Rosencrantz and Guildenstern Are Dead Essay

958 WordsOct 7, 20114 Pages
Rosencrantz and Guildenstern are dead, written by Tom Stoppard in 1967, is a play which epitomizes the "Theatre of the absurd." Stoppard develops the significant theme of the Incomprehensibility of the World through the main characters of the play, Rosencrantz and Guildenstern. Rosencrantz and Guildenstern spend the majority, if not, the entirety of the play in utter confusion as to what is happening around them and lack knowledge of even the most basic of things, such as who they are. "My name is Guildenstern and this is Rosencrantz. I'm sorry - his name's Guildenstern and I'm Rosencrantz." In the opening of the play the two men are unaware of where they intend to go or how they began their journey, and in the ending of the play their…show more content…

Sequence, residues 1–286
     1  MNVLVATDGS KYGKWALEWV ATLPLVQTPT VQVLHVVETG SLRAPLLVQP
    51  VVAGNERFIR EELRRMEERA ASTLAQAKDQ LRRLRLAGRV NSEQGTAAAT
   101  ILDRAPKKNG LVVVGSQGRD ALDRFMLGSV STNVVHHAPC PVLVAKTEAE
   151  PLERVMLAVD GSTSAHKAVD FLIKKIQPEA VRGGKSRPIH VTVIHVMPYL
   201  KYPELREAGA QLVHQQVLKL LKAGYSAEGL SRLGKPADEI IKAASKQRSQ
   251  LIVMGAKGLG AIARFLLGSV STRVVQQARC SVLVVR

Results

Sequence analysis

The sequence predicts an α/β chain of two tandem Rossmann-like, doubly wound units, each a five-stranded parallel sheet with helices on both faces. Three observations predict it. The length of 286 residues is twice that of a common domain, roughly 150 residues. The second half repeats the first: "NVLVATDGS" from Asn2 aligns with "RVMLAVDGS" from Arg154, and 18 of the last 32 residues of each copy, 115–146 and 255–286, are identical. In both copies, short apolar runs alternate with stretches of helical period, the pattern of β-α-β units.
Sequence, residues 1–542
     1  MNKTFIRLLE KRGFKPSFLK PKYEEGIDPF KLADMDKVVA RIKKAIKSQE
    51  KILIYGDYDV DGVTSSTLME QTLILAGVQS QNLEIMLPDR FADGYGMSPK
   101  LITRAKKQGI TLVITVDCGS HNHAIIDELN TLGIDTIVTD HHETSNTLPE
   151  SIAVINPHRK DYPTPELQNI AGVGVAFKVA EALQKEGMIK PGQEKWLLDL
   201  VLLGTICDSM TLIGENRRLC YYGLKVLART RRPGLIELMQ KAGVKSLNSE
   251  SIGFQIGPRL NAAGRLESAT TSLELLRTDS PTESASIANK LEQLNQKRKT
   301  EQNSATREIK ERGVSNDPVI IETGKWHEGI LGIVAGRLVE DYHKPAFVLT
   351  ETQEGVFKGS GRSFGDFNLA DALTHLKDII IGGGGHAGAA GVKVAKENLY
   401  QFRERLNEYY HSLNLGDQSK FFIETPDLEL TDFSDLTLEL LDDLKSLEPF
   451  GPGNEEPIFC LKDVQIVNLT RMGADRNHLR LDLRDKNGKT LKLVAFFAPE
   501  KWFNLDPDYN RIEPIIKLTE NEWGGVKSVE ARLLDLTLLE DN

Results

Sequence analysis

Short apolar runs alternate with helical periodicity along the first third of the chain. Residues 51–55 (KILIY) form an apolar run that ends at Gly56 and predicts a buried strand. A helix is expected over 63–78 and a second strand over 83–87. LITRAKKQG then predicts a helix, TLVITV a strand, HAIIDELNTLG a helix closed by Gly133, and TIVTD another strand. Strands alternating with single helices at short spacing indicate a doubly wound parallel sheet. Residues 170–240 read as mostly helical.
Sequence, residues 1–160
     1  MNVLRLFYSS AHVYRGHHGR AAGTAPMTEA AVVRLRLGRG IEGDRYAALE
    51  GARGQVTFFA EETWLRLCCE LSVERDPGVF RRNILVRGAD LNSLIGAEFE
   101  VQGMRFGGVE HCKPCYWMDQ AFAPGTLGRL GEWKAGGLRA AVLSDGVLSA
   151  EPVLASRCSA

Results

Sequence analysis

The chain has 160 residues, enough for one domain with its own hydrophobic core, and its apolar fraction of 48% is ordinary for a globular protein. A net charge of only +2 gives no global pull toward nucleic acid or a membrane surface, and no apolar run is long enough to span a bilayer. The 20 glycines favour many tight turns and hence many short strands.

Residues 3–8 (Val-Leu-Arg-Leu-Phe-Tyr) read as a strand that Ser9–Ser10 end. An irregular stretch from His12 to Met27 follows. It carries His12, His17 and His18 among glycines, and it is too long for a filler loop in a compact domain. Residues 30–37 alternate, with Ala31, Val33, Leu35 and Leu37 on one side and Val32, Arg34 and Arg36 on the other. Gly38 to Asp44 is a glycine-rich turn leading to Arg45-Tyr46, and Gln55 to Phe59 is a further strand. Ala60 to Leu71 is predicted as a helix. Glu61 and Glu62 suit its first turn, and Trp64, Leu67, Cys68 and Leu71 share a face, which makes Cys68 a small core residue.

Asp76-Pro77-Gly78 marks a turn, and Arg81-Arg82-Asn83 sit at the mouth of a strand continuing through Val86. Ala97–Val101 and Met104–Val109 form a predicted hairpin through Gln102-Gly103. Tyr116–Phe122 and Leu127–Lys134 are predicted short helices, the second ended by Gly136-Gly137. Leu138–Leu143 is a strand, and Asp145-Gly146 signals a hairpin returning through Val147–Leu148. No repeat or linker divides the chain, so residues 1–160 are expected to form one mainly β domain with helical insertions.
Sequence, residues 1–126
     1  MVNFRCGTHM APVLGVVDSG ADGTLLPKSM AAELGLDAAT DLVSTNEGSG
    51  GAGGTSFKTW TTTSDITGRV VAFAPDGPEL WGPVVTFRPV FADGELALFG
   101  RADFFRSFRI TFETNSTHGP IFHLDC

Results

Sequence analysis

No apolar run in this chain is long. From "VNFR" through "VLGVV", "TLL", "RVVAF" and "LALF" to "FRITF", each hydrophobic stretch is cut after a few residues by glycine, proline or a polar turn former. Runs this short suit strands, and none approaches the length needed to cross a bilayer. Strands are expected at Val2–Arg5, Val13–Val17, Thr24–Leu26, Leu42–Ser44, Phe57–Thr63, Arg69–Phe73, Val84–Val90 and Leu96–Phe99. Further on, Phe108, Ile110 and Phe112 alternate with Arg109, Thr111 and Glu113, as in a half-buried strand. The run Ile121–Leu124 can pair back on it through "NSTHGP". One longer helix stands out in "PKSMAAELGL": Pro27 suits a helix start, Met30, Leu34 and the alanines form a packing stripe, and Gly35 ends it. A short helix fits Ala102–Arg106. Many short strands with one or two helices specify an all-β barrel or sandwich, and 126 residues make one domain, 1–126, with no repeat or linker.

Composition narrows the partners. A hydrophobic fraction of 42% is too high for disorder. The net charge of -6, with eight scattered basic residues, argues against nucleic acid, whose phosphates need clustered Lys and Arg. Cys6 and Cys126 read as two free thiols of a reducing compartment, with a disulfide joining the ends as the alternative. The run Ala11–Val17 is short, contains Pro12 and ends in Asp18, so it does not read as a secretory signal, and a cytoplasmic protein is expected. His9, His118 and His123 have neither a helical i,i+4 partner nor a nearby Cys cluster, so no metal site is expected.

- What's yours?" The game illustrates that although they keep asking questions they are never going to find any answers. This resmbles how these two characters are always trying to find answers or meanings to the things that happen to them and their surroundings, but they never reach a conclusion or answer. How did they end up on the journey in the opening scene? Why were they chosen to be spies? In which direction is the wind blowing? are some of the examples throughout the play that Rosencrantz and Guildenstern attempt to answer. However, they cannot - and as a result have difficulty understanding the world around them. Stoppard also conveys the theme of incomprehensibilty of the world through the questions constantly asked by the characters Rosencrantz and Guildenstern. Questions such as "Who am I then?" or "Is my name different at home?" display the lack of knowledge the two men have of even just the basic concept of who they are. This identity crisis Rosencrantz and Guildenstern experience show that not only do they not know their own names, but they do not understand themselves or how they fit in the world around them. "Why should it matter? - What does it matter why?" are questions the two men also ask in the verbal tennis game. This conveys how they do not have any direction or sense as to what is important or unimportant in the world. The questions they ask throughout the play and in particular, the verbal tennis game show that these two men cannot
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